The Civil War Letters of Frank B. Knause

Benjamin Franklin (or Frank B.) Knause (1843-1914) was born on 24 March 1843 in Waterloo, Seneca county, New York, and was a resident of Calhoun County, Michigan, when he enlisted as a private in the “Wolverine Rifle Rangers,” or Co. E, of the 6th Michigan Infantry on 1 July 1861 at Fort Wayne, Michigan. He mustered into the 6th Michigan on 20 August, and re-enlisted at Port Hudson, Louisiana, on 23 February 1864, and was discharged on 15 September 1865 at Jackson, Michigan. His pension record indicates an alias of Frank B. Knause. He successfully applied for an invalid pension in 1890, certificate 749,128. As per his obituary in the Brooklyn Daily Eagle, he was a member of a Western post of the G. A. R. That obituary, which confirmed his Civil War service, also noted that his son, Dr. B. F. Knause, was associated with the infectious disease department of the New York City Board of Health. Knause lived at 1076 Bushwick Avenue in Brooklyn; he resided in Bushwick for twenty years. After his death from a carcinoma, Frances (“Fannie”) Maria Knause (18xx-1937), his widow, was awarded a pension in 1914, certificate 782, 268. Section 204, lot 34079, graves 1 & 2, Greenwood Cemetery.

Frank’s parents were Benjamin Knause (1808-1869) and Elizabeth Mensch (1813-1856). His siblings were John W. Knause (b. 1833), Mary Catherine Knause (b. 1836), and Elizabeth (“Libbie”) Emma Knause (1838-1923). In 1850, the Knause family resided in Ridgeway, Orleans county, New York, where Frank’s father worked as a “Gib Maker.” In 1860, the Knause family lied on a farm they called Grove Garden in Marengo township, Calhoun county, Michigan. From Frank’s letters we learn that Benjamin was a vegetable farmer and hauled produce regularly into nearby Marshall. We also learn that he raised hops on his farm.

You will notice that Frank’s mother died in 1856 yet he directs many of his Civil War letters to his “Father and Mother.” Sometime shortly after Frank’s biological mother died, Frank’s father remarried to a woman named Tirzah H. Peck (1826-1910) and together they had at least one child named Carrie S. Knause, born about 1862. Tirzah was the orphaned daughter of Daniel Comstock Peck (1794-1842) and Samantha Curtis (1796-1842) of Hastings, Oswego county, New York.

Frank’s older brother, John W. Knause, married Martha (“Matt”) E. Bridenbecker (b. 1836), the daughter of William and Sarah (Unk) Bridenbecker of Frankfort, Herkimer county, New York. We know from Frank’s letters that John & Matt were married on 22 February 1865 and were enumerated shortly thereafter in Springfield, Massachusetts, where John worked as a machinist. By 1880, John and Matt resided in Jersey City, New Jersey.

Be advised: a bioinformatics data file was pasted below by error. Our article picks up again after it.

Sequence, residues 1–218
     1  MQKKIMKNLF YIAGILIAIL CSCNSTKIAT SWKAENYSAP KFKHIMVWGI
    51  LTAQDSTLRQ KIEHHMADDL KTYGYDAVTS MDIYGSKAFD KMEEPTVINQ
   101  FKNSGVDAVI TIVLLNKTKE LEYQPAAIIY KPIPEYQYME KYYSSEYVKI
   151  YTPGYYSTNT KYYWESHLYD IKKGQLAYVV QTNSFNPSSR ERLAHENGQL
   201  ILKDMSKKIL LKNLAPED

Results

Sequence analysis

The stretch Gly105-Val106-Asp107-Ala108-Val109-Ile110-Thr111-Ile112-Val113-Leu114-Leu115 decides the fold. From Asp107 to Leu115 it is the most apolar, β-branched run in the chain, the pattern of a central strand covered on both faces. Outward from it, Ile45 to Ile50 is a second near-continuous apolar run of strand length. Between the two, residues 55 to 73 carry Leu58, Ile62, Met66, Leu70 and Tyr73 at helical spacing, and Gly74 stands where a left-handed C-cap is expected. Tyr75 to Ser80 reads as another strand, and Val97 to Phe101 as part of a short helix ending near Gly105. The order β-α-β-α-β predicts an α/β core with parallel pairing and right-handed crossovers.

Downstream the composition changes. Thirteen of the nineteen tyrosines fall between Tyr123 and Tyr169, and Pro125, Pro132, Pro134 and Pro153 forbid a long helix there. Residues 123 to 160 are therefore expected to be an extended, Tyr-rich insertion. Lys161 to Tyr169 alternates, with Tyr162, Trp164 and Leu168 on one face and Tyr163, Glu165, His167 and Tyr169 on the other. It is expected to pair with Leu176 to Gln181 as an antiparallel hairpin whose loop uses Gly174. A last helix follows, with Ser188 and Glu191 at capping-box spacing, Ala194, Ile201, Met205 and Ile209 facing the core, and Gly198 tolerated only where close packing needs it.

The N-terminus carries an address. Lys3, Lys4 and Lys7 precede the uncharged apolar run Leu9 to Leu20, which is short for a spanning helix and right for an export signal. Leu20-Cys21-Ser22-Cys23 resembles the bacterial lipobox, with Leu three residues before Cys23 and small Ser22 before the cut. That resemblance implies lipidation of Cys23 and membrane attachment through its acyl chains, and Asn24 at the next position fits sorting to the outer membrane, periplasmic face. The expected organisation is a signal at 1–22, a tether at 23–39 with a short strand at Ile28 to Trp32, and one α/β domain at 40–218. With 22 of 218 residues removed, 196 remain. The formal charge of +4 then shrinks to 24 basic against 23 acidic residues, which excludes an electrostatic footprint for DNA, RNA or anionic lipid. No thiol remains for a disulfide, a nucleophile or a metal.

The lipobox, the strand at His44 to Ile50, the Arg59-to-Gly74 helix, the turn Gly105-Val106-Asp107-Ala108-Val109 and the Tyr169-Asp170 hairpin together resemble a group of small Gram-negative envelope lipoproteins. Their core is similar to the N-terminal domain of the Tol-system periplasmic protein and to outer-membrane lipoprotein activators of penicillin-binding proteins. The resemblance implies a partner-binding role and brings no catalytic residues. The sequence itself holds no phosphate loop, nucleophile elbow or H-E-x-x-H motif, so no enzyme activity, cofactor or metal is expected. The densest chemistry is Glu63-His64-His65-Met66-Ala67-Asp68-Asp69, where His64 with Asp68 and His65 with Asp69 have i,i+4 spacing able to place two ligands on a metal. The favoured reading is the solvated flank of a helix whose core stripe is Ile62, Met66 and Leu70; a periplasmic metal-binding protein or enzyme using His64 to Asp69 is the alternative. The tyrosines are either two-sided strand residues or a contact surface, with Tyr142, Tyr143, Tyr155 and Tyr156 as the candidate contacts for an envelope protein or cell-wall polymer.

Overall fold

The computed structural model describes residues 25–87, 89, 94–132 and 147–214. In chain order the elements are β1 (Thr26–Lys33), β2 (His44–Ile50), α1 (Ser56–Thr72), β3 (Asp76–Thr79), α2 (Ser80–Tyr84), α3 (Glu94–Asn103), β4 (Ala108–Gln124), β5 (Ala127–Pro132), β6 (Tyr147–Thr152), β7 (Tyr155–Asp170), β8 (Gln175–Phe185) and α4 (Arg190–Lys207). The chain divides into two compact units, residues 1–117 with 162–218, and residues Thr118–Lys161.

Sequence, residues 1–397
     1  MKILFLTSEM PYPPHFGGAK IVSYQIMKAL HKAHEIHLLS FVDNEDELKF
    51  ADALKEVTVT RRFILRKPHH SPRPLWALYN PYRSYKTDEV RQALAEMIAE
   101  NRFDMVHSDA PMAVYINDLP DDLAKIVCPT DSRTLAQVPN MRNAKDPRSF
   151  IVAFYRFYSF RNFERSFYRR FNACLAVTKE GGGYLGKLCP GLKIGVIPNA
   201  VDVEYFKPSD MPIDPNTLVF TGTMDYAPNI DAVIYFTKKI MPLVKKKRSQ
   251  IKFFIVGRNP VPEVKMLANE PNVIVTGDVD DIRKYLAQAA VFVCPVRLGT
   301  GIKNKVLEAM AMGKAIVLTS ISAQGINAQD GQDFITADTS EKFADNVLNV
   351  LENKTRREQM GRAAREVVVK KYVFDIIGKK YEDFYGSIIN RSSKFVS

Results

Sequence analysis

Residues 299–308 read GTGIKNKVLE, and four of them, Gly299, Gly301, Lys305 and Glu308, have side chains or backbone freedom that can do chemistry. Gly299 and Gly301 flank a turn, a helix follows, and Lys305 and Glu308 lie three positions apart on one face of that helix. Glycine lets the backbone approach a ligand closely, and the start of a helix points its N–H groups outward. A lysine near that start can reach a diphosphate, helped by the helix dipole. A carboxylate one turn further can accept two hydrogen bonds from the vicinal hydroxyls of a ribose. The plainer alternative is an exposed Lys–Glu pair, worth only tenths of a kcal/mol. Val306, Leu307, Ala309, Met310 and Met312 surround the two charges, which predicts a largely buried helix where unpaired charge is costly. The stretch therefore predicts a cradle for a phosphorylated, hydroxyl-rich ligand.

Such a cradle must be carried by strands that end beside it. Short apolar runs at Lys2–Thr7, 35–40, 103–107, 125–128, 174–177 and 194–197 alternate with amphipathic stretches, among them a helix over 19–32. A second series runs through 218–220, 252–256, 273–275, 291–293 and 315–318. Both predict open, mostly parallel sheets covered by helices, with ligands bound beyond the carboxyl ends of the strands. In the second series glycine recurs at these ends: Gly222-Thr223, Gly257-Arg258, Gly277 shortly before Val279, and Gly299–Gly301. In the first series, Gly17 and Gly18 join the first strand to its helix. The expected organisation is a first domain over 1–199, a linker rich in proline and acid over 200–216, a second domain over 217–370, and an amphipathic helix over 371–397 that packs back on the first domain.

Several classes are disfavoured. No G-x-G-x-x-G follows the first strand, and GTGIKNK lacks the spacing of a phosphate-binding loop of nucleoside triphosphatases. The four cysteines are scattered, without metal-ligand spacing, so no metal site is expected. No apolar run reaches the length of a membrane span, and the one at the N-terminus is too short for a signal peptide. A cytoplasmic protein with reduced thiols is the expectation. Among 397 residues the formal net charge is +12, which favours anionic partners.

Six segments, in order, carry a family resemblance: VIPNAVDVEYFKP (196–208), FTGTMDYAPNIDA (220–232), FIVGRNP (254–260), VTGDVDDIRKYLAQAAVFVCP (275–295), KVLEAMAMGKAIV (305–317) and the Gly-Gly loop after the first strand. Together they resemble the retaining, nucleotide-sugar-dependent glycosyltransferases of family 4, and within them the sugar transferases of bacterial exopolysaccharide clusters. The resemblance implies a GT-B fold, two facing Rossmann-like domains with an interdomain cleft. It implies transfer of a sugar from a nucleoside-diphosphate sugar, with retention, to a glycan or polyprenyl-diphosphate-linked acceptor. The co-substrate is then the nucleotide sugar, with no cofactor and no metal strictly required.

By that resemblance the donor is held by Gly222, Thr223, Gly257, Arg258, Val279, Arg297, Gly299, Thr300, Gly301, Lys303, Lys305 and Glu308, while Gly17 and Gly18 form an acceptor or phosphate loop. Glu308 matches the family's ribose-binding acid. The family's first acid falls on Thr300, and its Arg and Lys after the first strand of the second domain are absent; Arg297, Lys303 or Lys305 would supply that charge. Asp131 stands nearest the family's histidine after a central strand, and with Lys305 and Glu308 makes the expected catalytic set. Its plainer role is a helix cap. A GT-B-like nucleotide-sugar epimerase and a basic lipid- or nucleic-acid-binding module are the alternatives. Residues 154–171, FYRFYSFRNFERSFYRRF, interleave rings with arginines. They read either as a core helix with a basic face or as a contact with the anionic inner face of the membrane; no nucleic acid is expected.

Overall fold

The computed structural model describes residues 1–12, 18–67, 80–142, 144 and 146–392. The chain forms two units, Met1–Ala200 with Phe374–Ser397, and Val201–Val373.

Pvt. Harlan P. Hurd of the 17th New York Light Artillery

Frank’s sister Mary Catherine Knause was married in July 1857 to Harlan Page Hurd (1838-1926) in Brockport, Monroe county, New York, and later resided in Frankfort, Herkimer county, New York. Harlan was the second of eight children born to Russell Frost Hurd and Nancy Ann Frost of Orleans county, New York. Mary and Harlan had several children, the oldest of whom are mentioned in Frank’s letters: Willard (“Willie”) Kendall Hurd (1858-1877), Mary Elizabeth (“Lizzie”) Hurd (b. 1860), and Harlan (“Harrie”) Page Hurd, Jr. (b. 1863). During the period covered by these letters, Mary’s husband — Harlan P. Hurd — was serving as a private in the 17th New York Independent Light Artillery (a.k.a the Orleans Battery). Harlan served from August 1862 and was promoted to corporal before mustering out in June 1865. Immediately after the war, the Hurd family moved to Corry, Erie Co., Pennsylvania. They remained there until 1880, and then moved to Newark, New Jersey, where Harlan established the Newark Door Company.

A great many of the letters that survive were written to Frank’s older sister, Elizabeth (“Libbie”) Emma Knause (1838-1923). On-line genealogical records reveal that she married Charles Ryland Brown (1824-1898). One record indicates that she married on 27 February 1865 but Frank’s letters tell us that she was still unmarried in the spring of 1865 so the marriage most likely took place in 1866. Libbie and Charles spent their years together in Bradford, McKean county, Pennsylvania — Libbie often working as a school teacher. In the spring of 1865, Libbie left her father’s home in Michigan to live with her older, married sister Mary Hurd who lived in Frankfort, Herkimer county, New York.

Frank occasionally mentions his “Uncle Adam.” This was his biological mother’s brother, Adam Mensch (1807-1887), a resident of Marshall, Calhoun county, Michigan. Adam was married to Maria Anna Wheeler (18xx-1877).

To read transcriptions and see images of of Frank’s letters, go to the menu at the top of this page or click here.